The Federal Trade Commission on Friday announced that it has settled antitrust charges against the 1,500-member Washington University Physician Network in St. Louis. In the proposed agreement, the not-for-profit doctors' network is prohibited from negotiating with payers on behalf of any physician and cannot facilitate the sharing of information about contract terms among its physician members.
Exceptions will be allowed in cases where WUPN participates in joint negotiations that are either a "qualified risk-sharing joint arrangement" or a "qualified clinically integrated joint arrangement."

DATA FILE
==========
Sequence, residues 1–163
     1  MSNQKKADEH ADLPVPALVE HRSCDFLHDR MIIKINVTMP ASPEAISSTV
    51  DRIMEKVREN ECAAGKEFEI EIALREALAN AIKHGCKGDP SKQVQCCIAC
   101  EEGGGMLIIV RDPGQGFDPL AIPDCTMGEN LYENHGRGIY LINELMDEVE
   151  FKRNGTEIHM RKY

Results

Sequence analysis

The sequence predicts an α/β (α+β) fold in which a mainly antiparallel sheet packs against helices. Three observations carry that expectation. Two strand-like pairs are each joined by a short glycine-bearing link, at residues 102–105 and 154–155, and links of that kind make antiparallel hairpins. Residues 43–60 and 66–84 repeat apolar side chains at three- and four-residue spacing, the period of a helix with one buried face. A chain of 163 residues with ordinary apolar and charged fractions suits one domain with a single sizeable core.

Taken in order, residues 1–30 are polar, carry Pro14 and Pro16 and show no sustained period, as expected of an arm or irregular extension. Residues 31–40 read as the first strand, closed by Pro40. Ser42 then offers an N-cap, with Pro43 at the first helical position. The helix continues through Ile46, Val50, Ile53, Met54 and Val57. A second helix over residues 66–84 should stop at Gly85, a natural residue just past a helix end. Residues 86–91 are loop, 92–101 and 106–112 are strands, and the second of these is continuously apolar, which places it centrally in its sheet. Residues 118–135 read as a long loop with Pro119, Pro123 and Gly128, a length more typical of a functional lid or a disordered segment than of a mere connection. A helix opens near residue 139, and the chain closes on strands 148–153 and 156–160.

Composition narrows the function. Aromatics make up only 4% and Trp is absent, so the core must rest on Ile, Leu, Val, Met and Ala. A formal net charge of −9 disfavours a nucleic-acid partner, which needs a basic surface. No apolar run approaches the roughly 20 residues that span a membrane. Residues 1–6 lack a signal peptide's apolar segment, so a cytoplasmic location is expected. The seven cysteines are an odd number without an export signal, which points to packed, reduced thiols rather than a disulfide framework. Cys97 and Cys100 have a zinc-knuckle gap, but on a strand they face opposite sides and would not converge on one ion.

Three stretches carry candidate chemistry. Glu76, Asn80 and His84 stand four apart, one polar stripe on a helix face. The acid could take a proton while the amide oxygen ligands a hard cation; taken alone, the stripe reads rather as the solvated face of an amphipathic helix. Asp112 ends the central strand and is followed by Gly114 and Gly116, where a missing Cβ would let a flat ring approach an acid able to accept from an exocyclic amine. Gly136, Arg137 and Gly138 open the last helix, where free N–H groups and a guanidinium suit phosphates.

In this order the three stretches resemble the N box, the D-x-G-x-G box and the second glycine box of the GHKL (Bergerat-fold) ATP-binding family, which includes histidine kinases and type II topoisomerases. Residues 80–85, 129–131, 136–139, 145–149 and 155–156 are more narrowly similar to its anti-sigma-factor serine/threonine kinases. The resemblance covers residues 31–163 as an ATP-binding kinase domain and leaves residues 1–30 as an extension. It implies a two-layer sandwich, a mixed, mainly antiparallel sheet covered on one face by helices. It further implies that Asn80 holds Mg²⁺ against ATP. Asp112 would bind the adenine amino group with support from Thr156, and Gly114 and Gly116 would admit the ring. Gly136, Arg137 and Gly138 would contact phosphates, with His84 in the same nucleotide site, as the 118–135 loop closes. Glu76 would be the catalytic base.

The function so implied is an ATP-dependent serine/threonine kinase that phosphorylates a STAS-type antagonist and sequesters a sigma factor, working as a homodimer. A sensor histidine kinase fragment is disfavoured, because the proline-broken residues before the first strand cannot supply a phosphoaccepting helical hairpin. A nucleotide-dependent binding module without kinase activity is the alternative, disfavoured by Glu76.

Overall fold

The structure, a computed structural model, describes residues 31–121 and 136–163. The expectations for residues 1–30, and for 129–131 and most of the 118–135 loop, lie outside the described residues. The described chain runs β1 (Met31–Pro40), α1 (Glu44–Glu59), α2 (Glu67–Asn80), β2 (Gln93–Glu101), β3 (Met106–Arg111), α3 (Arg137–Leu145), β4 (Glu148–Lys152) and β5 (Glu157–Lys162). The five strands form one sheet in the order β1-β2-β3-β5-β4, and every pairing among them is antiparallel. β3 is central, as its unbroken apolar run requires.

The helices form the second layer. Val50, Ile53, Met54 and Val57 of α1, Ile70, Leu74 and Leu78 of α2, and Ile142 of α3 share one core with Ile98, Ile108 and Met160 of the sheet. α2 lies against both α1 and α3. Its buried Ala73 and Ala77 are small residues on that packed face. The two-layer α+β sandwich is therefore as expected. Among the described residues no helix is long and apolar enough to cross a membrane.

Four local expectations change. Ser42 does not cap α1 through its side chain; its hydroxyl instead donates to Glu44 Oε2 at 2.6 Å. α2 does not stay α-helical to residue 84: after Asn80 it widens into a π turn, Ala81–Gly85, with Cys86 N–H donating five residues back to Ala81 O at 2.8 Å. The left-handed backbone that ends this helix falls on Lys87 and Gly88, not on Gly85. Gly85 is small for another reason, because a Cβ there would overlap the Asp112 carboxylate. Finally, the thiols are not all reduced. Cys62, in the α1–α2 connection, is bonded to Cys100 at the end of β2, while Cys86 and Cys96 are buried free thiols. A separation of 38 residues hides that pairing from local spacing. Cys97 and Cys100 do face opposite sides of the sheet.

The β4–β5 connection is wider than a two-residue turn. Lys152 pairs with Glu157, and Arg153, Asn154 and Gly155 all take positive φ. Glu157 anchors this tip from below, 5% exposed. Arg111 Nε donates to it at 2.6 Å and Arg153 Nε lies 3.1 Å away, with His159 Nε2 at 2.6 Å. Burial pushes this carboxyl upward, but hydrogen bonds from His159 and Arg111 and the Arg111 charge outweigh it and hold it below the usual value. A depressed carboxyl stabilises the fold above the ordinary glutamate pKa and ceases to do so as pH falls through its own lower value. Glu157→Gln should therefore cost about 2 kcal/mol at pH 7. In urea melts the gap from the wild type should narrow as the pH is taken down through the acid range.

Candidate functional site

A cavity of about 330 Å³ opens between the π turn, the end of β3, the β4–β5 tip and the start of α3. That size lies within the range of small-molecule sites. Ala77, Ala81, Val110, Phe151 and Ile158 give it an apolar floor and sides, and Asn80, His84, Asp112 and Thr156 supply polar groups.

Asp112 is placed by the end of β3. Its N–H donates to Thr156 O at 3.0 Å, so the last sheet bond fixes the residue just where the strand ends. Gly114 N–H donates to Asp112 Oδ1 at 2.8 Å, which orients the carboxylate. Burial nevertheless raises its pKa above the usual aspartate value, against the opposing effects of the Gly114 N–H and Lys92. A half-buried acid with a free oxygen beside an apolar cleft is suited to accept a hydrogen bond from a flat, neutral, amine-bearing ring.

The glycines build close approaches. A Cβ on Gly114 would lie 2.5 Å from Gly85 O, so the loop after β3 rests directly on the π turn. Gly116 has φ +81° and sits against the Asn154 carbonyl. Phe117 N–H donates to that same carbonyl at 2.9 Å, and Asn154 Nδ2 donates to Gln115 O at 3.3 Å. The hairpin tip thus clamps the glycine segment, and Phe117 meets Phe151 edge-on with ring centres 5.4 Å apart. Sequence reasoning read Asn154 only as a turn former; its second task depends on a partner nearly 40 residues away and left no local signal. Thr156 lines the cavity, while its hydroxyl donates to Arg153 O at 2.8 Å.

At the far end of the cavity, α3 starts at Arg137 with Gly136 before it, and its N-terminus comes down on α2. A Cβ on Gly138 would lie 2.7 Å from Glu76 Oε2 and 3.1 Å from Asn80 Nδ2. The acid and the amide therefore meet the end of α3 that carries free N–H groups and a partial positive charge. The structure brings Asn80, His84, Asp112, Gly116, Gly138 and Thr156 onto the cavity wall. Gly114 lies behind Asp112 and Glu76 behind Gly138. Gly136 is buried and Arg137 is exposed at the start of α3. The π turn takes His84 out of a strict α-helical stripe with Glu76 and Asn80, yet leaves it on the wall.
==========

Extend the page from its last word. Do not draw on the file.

The settlement addresses only physicians in the group's PPO network, according to FTC spokesman Mitchell Katz. Those physicians now will be required to negotiate with payers on an individual basis, Katz says. Each violation of the order by the group could result in an $11,000 civil penalty.
A representative of the doctors' group was unavailable for comment.
According to the commission, the Washington University Physician Network allegedly violated the FTC act by collectively negotiating contracts between its members and third-party payers. That anticompetitive action raised the cost of medical care in the St. Louis market and was not related to any "efficiency-enhancing integration," the FTC says.
"This group of St. Louis-area physicians engaged in overt price-fixing," says Joe Simons, director of the FTC Bureau of Competition, in a prepared statement. "Its conduct was plainly anticompetitive and harmful to consumers, by forcing up prices in this area. It is a straightforward violation of the FTC act."